Bouw-Möller surfaces are flat surfaces made of polygons. Each one has an associated directed graph, called a "transition diagram," that says something about how a geodesic can cut across its edges. These transition diagrams have a beautiful structure, which comes from a "dual" property relating pairs of surfaces. I will show how this works, with lots of pictures. (Joint work with Corinna Ulcigrai and Irene Pasquinelli)2015-11-30T15:35:00Dynamical systems seminarkatok_s@math.psu.edukatok_a@math.psu.edusaz11@math.psu.eduhertz@math.psu.eduModeling HIV latency reversing agents and its implications for clinical trial design
http://www.math.psu.edu/seminars/meeting.php?id=27477
Speaker(s): Ruian Ke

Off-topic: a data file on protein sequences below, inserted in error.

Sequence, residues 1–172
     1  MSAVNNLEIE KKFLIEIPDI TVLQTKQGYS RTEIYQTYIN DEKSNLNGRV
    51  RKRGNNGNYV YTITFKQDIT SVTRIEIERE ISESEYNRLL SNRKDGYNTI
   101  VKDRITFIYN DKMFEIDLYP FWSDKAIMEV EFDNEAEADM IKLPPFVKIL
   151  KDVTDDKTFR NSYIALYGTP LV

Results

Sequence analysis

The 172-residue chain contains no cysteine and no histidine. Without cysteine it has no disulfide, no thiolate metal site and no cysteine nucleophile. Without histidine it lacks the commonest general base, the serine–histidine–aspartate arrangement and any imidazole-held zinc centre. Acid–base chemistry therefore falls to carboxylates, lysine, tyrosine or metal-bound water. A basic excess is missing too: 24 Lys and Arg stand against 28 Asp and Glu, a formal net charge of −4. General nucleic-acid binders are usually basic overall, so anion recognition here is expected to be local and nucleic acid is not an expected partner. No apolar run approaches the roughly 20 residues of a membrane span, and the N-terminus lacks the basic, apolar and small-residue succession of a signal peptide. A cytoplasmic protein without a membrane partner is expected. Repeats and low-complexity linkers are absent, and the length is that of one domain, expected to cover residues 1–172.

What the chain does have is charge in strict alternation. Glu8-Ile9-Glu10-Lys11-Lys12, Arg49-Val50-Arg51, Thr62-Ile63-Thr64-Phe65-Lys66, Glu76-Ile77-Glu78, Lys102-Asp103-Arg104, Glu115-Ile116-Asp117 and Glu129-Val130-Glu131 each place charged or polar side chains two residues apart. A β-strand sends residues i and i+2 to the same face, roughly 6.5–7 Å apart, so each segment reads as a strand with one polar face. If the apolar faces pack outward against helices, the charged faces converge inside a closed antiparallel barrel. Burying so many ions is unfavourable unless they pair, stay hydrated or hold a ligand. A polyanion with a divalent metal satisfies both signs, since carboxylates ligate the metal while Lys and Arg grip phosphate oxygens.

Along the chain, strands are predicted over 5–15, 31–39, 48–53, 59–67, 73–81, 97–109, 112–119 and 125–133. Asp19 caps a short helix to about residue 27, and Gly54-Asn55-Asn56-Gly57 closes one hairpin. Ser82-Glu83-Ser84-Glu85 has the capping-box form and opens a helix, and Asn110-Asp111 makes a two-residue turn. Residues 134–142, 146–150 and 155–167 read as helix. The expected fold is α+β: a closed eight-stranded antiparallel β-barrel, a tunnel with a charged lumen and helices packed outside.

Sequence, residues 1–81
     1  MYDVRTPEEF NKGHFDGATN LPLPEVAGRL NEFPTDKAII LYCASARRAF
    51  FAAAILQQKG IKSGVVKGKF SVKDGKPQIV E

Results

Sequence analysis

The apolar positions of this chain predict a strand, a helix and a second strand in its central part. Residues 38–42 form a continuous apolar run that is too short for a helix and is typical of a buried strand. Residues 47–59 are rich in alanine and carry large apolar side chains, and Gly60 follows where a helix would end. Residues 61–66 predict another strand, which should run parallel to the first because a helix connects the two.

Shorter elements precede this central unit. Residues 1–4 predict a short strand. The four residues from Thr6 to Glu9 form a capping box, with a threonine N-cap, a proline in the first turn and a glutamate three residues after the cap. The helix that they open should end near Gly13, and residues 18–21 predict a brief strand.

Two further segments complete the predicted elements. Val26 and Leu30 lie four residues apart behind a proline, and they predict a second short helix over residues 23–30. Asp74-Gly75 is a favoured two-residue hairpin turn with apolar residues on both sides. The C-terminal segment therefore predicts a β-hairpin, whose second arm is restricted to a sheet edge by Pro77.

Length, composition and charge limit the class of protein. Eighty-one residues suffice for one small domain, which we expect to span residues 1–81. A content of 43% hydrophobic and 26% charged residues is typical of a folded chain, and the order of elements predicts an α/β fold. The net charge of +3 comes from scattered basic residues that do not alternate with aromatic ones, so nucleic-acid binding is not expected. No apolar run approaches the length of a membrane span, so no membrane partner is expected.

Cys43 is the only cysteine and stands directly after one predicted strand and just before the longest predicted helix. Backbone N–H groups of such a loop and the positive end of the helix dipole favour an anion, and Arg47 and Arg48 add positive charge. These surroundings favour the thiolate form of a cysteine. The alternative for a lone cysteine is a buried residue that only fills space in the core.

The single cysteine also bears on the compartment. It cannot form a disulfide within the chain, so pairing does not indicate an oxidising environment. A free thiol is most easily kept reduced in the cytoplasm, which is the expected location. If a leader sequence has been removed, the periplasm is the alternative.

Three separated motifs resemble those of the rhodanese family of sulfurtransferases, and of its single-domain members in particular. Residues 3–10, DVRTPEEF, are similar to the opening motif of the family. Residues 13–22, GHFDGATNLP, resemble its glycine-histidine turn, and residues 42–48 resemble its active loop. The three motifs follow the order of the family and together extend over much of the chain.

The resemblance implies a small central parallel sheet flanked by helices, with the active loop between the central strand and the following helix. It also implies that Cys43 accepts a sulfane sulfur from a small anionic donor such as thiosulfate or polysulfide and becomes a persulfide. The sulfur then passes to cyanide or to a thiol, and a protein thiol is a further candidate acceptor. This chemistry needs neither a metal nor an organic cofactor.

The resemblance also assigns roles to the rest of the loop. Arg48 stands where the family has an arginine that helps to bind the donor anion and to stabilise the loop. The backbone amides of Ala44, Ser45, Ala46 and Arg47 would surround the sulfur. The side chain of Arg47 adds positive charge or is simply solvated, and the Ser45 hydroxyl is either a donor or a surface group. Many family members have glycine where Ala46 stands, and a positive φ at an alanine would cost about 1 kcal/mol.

A major barrier to cure HIV infection is the existence of a population of long lived latently infected cells, i.e. the HIV latent reservoir. Recent efforts have focused on developing latency reversing agents (LRAs) to activate HIV expression in latently infected cells in order to purge the HIV latent reservoir. However, it is not clear to what extent LRAs impact the latency reversing process and which steps in the process determine the rate of reservoir reduction. Furthermore, accurately measuring the size of the reservoir experimentally has been challenging. All these issues make evaluating the efficacy of candidate LRAs and predicting treatment outcomes difficult. To address these issues, we developed a series of mathematical models to describe the dynamics of latently infected cells under LRA treatment. In the first part of the talk, I will present our work on understanding the impact of one of the first LRAs, vorinostat. By fitting viral dynamic models to clinical data, we show that vorinostat induces both transient and delayed HIV transcriptional activation in vivo . However, killing of latently infected cells in treated patients is minimal. In the second part of the talk, I will discuss a stochastic model that incorporates both HIV activation process in vivo and clinical sampling procedures in a probabilistic framework. We identify key parameters that determine the rate of latent reservoir reduction, and using information theory, we evaluate the accuracy in estimating these parameters using data collected from three commonly used experimental assays. To conclude, this framework provides a useful tool for designing future clinical trials and experiments to evaluate the efficacy of candidate LRAs and predict long-term treatment outcomes.2015-12-01T13:30:00Theoretical Biology Seminarcpc16@math.psu.edutreluga@math.psu.eduAlgebraic Families of Harish-Chandra pairs and their modules II